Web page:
The green energy ‘transition’ is simply not happening. Nor will it happen soon, or cheaply


Few energy analysts enjoy the level of global respect accorded to Vaclav Smil, a distinguished professor emeritus at the University of Manitoba and a best-selling author of 47 books. Whenever Smil publishes something new, people in the energy space pay attention. That’s certainly the case with his latest publication, a 48-page report titled “Halfway Between Kyoto and 2050: Net Zero Carbon Is a Highly Unlikely Outcome.”

In the report, Smil details efforts to date by global governments to reduce greenhouse gas emissions and finds them wholly inadequate to achieve the goal of net-zero by 2050.

“To eliminate carbon emissions by 2050,” Smil writes, “governments face unprecedented technical, economic and political challenges, making rapid and inexpensive transition impossible.”

Among a wide array of major hurdles that must be overcome, Smil highlights the enormous scale of global energy use, the slow pace of energy transitions throughout history, and the fact that “major emitters like the United States, China, and Russia have conflicting interests.”

In discussing the slow pace of prior energy transitions, Smil echoes the thoughts of another respected energy analyst and writer, Daniel Yergin, himself a best-selling author of books like “The Prize,” and “The New Map.” During our interview in March, Yergin pointed to the fact that the transition from burning wood for heating and cooking to using coal – that began in 15th century Britain – is still ongoing. Indeed, the world used more wood for energy during 2023 than any other year in history.

Smil shines a spotlight on the key issue of copper, a vital metal used in most every electronic gadget, car, home appliance, and power grids worldwide. His report delves into detail on why it will be impossible to produce copper in the amounts needed to turn  the supposed “transition” into reality, a theme that echoes a growing array of findings by other studies.

Smil estimates that efforts to replace today’s 1.35 billion light duty cars and heavy trucks would “require nearly 150 million tons of additional copper during the next 27 years. That is an equivalent of more than seven years of today’s annual copper extraction for all of the metal’s many industrial and commercial uses.”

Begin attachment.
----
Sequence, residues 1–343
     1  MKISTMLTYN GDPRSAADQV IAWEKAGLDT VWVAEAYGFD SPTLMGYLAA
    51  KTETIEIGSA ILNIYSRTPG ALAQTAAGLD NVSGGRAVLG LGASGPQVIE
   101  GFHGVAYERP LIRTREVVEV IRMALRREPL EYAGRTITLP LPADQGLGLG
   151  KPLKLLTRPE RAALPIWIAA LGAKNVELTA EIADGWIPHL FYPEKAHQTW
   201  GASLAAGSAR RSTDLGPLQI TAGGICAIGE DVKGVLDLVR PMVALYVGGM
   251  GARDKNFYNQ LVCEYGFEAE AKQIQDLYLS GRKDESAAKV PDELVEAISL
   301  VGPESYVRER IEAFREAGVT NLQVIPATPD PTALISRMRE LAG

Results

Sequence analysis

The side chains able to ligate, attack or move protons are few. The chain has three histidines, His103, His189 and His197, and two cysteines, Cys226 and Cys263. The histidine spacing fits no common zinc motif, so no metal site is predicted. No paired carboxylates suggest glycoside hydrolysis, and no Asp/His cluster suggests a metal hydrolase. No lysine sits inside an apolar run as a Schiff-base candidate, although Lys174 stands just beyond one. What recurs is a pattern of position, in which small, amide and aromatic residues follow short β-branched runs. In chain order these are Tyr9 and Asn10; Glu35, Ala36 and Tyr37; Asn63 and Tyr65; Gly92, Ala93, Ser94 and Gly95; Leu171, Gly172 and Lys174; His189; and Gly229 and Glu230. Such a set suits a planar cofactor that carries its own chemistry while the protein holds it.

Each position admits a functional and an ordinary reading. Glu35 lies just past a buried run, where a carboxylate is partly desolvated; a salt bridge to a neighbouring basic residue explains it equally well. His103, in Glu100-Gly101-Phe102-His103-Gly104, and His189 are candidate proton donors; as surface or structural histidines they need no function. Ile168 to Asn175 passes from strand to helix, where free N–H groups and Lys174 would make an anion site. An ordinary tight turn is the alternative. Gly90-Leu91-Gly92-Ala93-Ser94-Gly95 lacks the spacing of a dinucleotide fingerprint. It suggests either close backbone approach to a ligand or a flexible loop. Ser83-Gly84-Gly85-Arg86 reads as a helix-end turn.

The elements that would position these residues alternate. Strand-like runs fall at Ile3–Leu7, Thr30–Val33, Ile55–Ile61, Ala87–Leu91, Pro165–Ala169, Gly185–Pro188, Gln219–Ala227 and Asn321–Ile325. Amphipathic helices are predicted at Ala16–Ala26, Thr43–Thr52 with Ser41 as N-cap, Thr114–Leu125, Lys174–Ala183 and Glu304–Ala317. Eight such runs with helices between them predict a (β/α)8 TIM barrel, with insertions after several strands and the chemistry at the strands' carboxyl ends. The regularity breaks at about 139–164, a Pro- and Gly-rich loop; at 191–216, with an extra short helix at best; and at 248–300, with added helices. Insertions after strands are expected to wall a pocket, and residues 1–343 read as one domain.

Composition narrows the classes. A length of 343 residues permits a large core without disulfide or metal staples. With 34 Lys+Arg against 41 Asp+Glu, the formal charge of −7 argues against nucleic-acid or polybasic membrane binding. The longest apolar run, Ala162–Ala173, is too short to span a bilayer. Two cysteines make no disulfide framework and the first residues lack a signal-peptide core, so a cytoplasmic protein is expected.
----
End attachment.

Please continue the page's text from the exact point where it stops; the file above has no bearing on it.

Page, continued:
He also points out the facts that “metal content of exploited copper ores from Chile, the world’s leading source of the metal, has declined from 1.41 percent in 1999 to 0.6 percent in 2023, and further quality deterioration is inevitable.” The declining metal content means a corresponding massive rise in the tonnage of ore that must be mined and thus a corresponding cost in the disposal of all the additional waste product at a terrible environmental cost.

Worse, copper is just one of an extensive array of critical energy minerals that must also be mined in the coming years to feed the needs of the wind, solar, battery, and electric vehicle industries chosen by globalist governments as the favoured solutions. Metals like lithium, colbalt, tungsten, antimony, nickel, and silver, not to mention an array of rare earths, all must achieve radically higher production levels to make any or all of this transition work.

Smil also highlights the stunning costs of the planned energy transition, pointing out that the US current GDP is about $25 trillion, and getting to net zero will cost 20 per cent of our GDP, meaning the US would have to begin spending about $5 trillion per year on decarbonisation efforts. Citing a McKinsey study that estimates the energy transition’s total cost at $275 trillion, Smil posits that inevitable delays and cost overruns not factored into that estimate are likely to cause the real cost to rise by 60 per cent, bringing the total to an unimaginable $440 trillion.

Smil’s conclusion that a “rapid and inexpensive transition” is “impossible” gives the lie to the preferred narrative pushed by transition proponents that their desired end state can be achieved without major sacrifices and reductions in standards of living. Indeed, we are already starting to see such sacrifices being mandated by governments across the western world.

Prices for every form of energy have risen dramatically since the policy push for Green New Deal-type subsidies started in earnest with Joe Biden’s inauguration in January 2021. The public pronouncements by politicians in the US, Canada, and Europe increasingly include advocacy for rising restrictions in the ability for ordinary citizens to engage in tourist travel, and the need for them to live smaller, less comfortable, less prosperous lives to “save the planet.”

To his great credit, Smil’s report adds to a growing body of data detailing the enormous costs involved in this forced march to lower standards of living for all but the privileged elites among us. It should be required reading in every household and school.



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